Joe Brodsky

Joe Brodsky (June 9, 1934 – May 25, 2006) was an American football coach. He won three Super Bowls with the Dallas Cowboys of the National Football League (NFL) and two national championships at the University of Miami. He played college football at the University of Florida.

Mel Bratton

Melvin Torrance Bratton (born February 2, 1965) is a former American football running back and current sports agent. Bratton attended the University of Miami, where he played running back and starred in the national championship game at the 1988 Orange Bowl against Oklahoma, where he blew out his knee.

Bratton was drafted by the Miami Dolphins in 1988 but did not make the team. He reentered the draft the following year and was drafted again in 1989 by the Denver Broncos. Bratton played for the Broncos for two seasons, though never recovered his full athletic ability after the knee injury he suffered in the 1988 Orange Bowl.

Miami Hurricanes football statistical leaders

The Miami Hurricanes football statistical leaders are individual statistical leaders of the Miami Hurricanes football program in various categories, including passing, rushing, receiving, total offense, defensive stats, and kicking. Within those areas, the lists identify single-game, single-season, and career leaders. The Hurricanes represent the University of Miami in the NCAA's Atlantic Coast Conference.

Miami began competing in intercollegiate football in 1926, but these lists are dominated by more recent players for several reasons:

Since 1926, seasons have increased from 10 games to 11 and then 12 games in length.

The NCAA didn't allow freshmen to play varsity football until 1972 (with the exception of the World War II years), allowing players to have four-year careers.

Bowl games only began counting toward single-season and career statistics in 2002.. The Hurricanes have played in 12 bowl games since this decision, giving many recent players an extra game to accumulate statistics.These lists are updated through the end of the 2016 season.

Senior Bowl

The Senior Bowl is a post-season college football all-star game played each January in Mobile, Alabama, which showcases the best NFL Draft prospects of those players who have completed their college eligibility. First played in 1950 in Jacksonville, Florida, the game moved to Mobile's Ladd–Peebles Stadium the next year. Produced by the non-profit Mobile Arts & Sports Association, the game is also a charitable fund-raiser benefiting various local and regional organizations with over US$5.9 million in donations over its history.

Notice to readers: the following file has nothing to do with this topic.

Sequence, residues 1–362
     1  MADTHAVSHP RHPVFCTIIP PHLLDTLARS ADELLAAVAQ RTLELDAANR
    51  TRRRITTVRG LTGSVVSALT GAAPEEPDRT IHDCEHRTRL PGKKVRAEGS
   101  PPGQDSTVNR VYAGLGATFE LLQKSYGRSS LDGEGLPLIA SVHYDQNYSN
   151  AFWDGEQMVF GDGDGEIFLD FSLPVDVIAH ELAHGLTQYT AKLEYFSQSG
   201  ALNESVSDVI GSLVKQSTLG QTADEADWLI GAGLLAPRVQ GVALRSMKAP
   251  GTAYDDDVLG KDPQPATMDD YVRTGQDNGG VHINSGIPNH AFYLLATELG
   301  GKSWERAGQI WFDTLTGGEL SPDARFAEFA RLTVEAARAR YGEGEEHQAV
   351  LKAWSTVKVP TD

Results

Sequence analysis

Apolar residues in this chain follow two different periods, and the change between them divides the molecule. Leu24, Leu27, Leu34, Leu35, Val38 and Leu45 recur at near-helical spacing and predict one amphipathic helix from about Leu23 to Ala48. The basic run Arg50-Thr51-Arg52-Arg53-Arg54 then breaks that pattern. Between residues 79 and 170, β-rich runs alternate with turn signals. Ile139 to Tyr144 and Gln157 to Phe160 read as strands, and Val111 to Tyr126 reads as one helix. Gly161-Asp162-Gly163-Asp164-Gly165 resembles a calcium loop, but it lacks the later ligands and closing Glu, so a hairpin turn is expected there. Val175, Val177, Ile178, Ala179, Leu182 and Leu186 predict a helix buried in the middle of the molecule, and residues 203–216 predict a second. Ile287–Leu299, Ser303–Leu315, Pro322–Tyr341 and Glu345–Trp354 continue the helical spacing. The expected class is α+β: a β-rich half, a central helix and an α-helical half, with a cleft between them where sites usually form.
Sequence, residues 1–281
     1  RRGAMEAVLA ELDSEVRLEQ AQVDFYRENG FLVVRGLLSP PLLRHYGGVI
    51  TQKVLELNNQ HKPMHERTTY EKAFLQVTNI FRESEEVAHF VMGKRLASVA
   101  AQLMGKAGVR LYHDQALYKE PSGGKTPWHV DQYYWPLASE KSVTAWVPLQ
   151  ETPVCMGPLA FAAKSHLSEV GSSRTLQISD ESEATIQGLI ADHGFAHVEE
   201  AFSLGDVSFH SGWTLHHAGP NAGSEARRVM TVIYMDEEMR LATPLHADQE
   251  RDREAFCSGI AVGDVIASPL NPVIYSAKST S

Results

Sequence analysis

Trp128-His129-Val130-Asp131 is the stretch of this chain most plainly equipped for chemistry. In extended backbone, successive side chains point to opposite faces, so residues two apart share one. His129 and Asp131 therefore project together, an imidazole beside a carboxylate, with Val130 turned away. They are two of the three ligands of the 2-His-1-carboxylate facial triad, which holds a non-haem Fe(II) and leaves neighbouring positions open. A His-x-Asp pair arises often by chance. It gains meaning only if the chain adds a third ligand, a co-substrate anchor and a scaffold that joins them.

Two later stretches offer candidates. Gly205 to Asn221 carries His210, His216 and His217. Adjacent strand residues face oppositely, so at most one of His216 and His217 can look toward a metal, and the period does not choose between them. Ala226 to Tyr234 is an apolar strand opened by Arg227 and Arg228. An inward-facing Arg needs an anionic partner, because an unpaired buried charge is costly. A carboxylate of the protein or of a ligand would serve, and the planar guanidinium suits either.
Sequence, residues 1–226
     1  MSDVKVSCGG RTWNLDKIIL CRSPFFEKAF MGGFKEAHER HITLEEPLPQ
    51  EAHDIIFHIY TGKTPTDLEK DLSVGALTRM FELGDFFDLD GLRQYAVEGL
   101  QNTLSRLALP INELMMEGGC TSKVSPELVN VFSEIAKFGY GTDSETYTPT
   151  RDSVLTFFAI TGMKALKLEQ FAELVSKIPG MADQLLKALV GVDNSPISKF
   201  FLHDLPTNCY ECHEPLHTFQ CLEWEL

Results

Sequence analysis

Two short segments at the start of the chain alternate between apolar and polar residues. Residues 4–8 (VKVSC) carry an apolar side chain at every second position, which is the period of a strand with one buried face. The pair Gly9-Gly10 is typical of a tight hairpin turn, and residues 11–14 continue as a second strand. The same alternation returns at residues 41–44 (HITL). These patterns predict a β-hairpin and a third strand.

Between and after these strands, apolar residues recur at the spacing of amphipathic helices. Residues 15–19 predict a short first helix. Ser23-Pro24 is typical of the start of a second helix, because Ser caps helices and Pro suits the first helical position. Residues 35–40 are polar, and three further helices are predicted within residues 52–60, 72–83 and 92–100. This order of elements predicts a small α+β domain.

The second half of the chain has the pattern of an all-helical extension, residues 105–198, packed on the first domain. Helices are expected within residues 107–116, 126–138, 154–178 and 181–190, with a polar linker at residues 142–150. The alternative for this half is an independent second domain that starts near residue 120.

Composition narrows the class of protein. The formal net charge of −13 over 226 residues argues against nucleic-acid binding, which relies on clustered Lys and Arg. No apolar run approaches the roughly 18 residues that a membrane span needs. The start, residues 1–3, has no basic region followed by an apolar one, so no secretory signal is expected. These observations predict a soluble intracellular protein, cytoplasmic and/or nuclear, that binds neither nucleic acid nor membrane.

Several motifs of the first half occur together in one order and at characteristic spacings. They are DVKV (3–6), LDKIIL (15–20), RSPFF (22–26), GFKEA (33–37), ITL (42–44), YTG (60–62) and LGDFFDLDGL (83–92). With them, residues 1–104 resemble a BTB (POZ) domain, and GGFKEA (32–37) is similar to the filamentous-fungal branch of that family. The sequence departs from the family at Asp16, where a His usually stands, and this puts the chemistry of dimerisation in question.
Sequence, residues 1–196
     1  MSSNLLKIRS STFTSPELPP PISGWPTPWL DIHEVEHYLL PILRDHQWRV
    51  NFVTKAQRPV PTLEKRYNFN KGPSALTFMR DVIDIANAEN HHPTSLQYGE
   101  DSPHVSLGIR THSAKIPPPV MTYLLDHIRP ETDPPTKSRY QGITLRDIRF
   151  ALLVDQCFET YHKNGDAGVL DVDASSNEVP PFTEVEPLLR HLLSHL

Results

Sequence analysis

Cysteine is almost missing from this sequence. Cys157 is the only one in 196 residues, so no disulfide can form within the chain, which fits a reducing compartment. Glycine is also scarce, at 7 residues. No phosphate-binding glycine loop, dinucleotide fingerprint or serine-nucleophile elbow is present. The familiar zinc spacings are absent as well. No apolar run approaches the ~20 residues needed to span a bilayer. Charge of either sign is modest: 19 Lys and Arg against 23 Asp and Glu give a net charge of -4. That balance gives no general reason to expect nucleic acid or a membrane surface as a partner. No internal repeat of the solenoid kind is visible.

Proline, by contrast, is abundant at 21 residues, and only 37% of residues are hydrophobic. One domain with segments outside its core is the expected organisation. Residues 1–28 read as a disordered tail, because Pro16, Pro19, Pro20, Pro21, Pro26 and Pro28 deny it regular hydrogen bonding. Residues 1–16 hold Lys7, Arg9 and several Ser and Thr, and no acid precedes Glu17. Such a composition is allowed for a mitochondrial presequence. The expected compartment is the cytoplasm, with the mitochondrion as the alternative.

In 2007, telecast of the game moved from ESPN to NFL Network. In 2013, Reese's took over sponsorship, starting with the 2014 game. In January 2018, Reese's announced that they were extending their sponsorship of the game; a specific duration was not given.

South Fork High School

South Fork High School (SFHS) is a public high school in Stuart, Florida, USA. It is part of the Martin County School District.

The school's mascot is the Bulldog, and its colors are black, red and white. South Fork has its own on-campus golf course. There is also an on-campus farm used for cattle and citrus groves, a football/track stadium, tennis and volleyball courts, and a baseball/softball field.

South Fork High is the only high school in the Martin County School District with the International Baccalaureate Diploma Programme.

Stuart, Florida

Stuart is a city in and the seat of Martin County, Florida, United States. Located on Florida's Treasure Coast, Stuart is the largest of four incorporated municipalities in Martin County. The estimated population is 16,543 according to the most recent United States census estimates. Stuart is the 126th largest city in Florida based on official 2017 estimates from the US Census Bureau. It is part of the Port St. Lucie, Florida Metropolitan Statistical Area.

Stuart is frequently cited as one of the best small towns to visit in the U.S., in large part because of its proximity to the St. Lucie River and Indian River Lagoon.

Warren Williams (American football)

Warren Williams (born July 29, 1965) is a former professional American football running back.

Warren Williams played college football at the University of Miami.